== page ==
Registering content types will be done in the .module file. Be sure to include module_load_include(‘inc’, ‘module_name’, ‘node’) at the beginning of your file to load your file. In order for content types to be visible to the module, they must be registered. This is done in the hook_register_migrations() function. This function should be called within hook_flush_caches(). In hook_register_migrations(), there must be an array called $common_arguments, which contains the source database connection (legacy) and the source version (6). Next, each content type must be registered. Every content type needs the following:


which are elements of $type_arguments, where “type” is the content type you are registering. You append $type_arguments to the $common_arguments array, and then you must register the content type with the following lines:

Migration::registerMigration('hr_migrateTypeMigration', $type_arguments['machine_name'], $type_arguments);

which will allow this migration to show up when you call `drush @alias ms` (migrate-status). Please note that you cannot run a migration without first creating a class for that content type, which defines any custom fields and also allows you to run functions to manipulate the data being imported before it is saved to the destination database.If you make a mistake with the registration process (via inconsistent naming conventions, forgetting to add the lines above, etc.) you will get an error that looks like this:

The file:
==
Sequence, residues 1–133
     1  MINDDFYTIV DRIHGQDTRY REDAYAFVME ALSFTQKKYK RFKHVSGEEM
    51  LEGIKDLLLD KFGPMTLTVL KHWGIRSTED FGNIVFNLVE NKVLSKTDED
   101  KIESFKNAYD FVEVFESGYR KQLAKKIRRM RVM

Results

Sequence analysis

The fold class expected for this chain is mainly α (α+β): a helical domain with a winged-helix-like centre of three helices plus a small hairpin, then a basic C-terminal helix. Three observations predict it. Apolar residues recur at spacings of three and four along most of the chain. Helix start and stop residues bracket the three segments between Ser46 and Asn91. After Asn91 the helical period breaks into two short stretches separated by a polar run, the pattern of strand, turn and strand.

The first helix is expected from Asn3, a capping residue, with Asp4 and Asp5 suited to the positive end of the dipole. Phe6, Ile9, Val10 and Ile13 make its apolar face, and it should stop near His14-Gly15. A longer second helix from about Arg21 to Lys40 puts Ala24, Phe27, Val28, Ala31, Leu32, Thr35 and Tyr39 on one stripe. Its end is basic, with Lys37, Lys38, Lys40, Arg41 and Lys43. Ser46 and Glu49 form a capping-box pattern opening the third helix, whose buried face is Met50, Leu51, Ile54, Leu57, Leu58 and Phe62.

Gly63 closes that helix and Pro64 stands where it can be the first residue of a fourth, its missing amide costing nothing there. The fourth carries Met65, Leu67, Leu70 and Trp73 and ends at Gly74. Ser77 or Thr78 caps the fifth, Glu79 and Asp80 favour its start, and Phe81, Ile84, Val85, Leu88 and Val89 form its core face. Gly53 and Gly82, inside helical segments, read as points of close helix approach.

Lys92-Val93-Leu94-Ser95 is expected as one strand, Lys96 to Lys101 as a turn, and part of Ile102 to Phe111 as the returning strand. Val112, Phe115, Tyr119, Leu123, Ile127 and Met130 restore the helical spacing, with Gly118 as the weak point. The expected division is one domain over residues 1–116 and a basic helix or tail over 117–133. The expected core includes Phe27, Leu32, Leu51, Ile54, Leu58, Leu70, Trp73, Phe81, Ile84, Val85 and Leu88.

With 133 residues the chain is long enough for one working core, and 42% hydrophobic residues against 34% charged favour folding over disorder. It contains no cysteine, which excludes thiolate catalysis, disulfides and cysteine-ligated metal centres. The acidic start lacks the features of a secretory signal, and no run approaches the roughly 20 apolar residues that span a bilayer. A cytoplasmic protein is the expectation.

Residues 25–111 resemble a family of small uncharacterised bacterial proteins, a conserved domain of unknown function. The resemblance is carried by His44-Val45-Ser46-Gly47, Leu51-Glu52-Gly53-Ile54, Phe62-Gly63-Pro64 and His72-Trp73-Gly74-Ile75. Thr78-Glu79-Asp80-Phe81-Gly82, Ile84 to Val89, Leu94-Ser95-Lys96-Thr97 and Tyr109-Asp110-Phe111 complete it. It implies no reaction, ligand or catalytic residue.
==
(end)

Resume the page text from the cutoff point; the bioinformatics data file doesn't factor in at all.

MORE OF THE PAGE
PHP Fatal error:  Cannot instantiate abstract class DrupalVersion in /var/aegir/platforms/7.24-prod-1.0.0/sites/all/modules/migrate_d2d/ on line 101 

which is extremely hard to debug. My advice is to start looking through your .module file to see if there are are inconsistencies with plurality in your registrations (which is, unfortunately, very easy to do since it often changes between the source and destination). For example, I got this error by typing “announcements” instead of “announcement” in one part of the module; it broke the entire thing. Make sure you’ve included Migration::registerMigration… as stated above. If you still cannot find the source of the problem, check this page. Another problem you may run into occurs when you try to interrupt a migration (using Ctrl+C, for example). You may see an error that says “There is already an active process on Type”, where “Type” is the migration that was interrupted. You can get around this by running `drush @alias migrate-deregister type`, which will deregister the type that is causing you trouble. Simply clear the cache using `drush @alias cc all` and everything should run smoothly again. I haven’t come across an instance where this didn’t work or where it caused problems with duplicate content, but I don’t necessarily trust this method to work 100% of the time; try not to interrupt migrations with Ctrl+C if you can help it. This is merely a quick fix, and if you know of a smoother way to roll back the migration to a usable point, by all means do so!